Cost: £75 per 1 hour session and £110 per 1.5 hour session.
With EMDR therapy, it is typical that the first few sessions could reasonably be 60 minutes in length. Once the use of the bilateral stimulation begins to facilitate processing, sessions of 90 minutes are recommended. This to enable time for adequate assessment of the target to be take place, enough time to facilitate some processing, and then time to ensure you are ready to leave the session safely afterwards.)
EMDR is not simply the use of eye movements. Rather it is a comprehensive therapeutic approach with principles, protocols and procedures with the goal of reducing distress in the shortest period of time.
I will spend time getting to know your history, including the kind of distress you are experiencing, the kind of difficulties have you experienced, if you have physical problems, if you are taking medication and explore the support you have. I will then discuss with you if I feel EMDR is suited for your difficulty and you can raise any questions about the process.
I will then spend some time doing some relaxation exercises with you, which could include ‘safe or pleasant place’ exercises, guided visualisation, deep muscle relaxation, breathing retraining etc. Once you and I feel that you are sufficiently prepared, you can then target a distressing memory with the eye movements or other forms of left-right alternating stimulation, such as sound or taps. I will ask you to select an image that represents the distressing event. You will then be asked to think about negative and positive thoughts, your feelings, the amount of distress you feel and where you feel it in your body.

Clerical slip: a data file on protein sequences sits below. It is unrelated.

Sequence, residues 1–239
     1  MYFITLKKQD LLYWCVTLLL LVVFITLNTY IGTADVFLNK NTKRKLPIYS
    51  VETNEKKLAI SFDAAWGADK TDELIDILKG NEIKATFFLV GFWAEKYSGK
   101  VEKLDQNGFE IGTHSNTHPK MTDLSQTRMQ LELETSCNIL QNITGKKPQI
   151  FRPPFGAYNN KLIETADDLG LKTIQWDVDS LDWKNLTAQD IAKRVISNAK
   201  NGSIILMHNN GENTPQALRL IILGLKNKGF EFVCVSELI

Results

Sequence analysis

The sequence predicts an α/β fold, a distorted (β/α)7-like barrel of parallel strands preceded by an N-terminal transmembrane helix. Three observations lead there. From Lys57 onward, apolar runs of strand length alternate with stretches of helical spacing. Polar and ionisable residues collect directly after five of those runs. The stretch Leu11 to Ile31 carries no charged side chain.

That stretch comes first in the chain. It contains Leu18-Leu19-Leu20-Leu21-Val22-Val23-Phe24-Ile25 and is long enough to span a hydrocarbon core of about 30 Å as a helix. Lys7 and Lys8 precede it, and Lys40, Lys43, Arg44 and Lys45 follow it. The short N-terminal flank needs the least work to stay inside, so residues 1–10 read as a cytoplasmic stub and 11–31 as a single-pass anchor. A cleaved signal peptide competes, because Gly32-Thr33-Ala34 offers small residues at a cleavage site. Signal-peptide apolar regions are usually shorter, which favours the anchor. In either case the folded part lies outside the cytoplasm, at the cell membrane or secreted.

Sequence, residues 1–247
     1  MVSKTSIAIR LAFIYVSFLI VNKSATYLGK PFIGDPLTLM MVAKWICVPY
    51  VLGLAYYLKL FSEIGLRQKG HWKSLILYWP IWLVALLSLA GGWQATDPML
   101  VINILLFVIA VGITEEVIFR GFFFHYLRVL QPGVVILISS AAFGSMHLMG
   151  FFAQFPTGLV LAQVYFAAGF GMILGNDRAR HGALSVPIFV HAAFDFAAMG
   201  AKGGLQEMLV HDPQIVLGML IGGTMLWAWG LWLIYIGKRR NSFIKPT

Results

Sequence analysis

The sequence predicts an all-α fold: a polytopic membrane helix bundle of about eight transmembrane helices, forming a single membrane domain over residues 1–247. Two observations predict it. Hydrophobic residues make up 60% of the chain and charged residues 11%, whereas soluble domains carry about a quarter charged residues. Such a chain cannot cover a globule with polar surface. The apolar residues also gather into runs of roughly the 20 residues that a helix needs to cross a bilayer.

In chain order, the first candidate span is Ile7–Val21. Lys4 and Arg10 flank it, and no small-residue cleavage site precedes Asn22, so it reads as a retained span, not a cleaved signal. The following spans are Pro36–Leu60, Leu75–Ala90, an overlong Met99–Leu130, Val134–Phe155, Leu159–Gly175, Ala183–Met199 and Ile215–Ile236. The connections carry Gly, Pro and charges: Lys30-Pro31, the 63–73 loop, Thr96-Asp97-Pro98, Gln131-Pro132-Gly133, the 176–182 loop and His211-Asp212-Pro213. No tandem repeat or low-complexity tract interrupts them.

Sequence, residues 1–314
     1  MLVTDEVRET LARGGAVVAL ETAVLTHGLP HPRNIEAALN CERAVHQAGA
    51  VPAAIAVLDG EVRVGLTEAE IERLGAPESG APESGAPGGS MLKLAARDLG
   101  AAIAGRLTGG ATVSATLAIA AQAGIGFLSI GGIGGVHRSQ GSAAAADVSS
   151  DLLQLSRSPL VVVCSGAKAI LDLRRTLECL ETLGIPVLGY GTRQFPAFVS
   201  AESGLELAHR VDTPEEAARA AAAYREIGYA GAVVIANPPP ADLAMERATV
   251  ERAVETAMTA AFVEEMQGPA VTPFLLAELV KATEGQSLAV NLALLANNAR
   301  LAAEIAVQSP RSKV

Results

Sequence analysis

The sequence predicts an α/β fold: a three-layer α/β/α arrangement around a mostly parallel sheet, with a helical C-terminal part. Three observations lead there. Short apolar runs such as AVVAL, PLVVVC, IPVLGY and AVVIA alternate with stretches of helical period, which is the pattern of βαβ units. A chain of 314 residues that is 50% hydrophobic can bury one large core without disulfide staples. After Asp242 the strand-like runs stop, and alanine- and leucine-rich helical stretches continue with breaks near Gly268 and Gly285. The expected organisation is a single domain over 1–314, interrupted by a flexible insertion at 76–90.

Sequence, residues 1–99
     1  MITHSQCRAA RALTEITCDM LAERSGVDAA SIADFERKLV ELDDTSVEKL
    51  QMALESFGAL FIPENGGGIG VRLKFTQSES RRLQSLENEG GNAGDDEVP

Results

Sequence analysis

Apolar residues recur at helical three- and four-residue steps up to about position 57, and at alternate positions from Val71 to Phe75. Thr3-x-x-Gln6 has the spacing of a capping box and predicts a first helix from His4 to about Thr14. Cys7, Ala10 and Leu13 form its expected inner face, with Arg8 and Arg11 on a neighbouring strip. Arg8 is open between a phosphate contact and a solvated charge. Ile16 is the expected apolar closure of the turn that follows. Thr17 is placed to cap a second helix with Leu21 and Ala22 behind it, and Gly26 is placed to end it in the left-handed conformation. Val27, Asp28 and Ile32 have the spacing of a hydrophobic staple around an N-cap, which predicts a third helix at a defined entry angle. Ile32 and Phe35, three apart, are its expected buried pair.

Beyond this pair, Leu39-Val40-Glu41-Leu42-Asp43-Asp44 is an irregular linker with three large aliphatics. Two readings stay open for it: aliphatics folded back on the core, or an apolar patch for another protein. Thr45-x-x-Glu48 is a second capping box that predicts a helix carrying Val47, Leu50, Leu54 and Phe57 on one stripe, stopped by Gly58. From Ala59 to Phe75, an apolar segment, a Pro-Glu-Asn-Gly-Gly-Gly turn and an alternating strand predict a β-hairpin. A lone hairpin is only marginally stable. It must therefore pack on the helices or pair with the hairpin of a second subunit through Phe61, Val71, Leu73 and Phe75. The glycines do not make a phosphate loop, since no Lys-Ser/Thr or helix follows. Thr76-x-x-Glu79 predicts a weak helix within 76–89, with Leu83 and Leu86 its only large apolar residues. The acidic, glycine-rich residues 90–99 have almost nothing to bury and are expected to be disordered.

I will then begin the eye movements while you hold the image in mind. After each set of eye movements I will ask you what you notice. During the eye movements you may experience the distressing event quite intensely to start with, but this distress reduces as the memory is processed with EMDR.
I will continue with the eye movements until your distress is reduced as much as possible. I will then ask you to think about your positive thought and also check whether there is any part of your body where you still feel distress. Before the end of the session, I will give you time to feel calm again, using the safe-pleasant place exercise or relaxation techniques.
EMDR treatment generates a certain amount of ‘momentum’ to your thinking and conscious awareness. In other words the treatment does not just stop immediately after your session. During your eye movement session a lot of memories may come to mind and people find that after the session they may think about these memories.
If these memories are distressing, then for a day or two you may still feel distressed. During this time it is recommended that you take care of yourself and use your relaxation techniques to soothe yourself. This is why I will spend time making sure you have techniques that you can use, before the processing of the memories begins. Some report that they dream more. Everybody is different so keep a note of your experience after the session and discuss this with me the next time we meet. As the distress decreases with EMDR, people report feeling a sense of relief. At the end of EMDR therapy, many people report feeling no distress at all when recalling the distressing event.
EMDR is not a form of hypnotism. Even though you are moving your eyes during EMDR you will remain conscious AND in control at all times. EMDR cannot be done against your will.
EMDR featured on BBC Radio 4s programme IPM recently. The programme told the story of a woman revisiting intense experiences of being bullied very early in life, with event at just age four. Listen to here story here: http://www.bbc.co.uk/programmes/p04jyv3y (Until around 14 minutes she is describing her experiences prior to treatment and the specific discussion about EMDR occurs around 18 minutes in).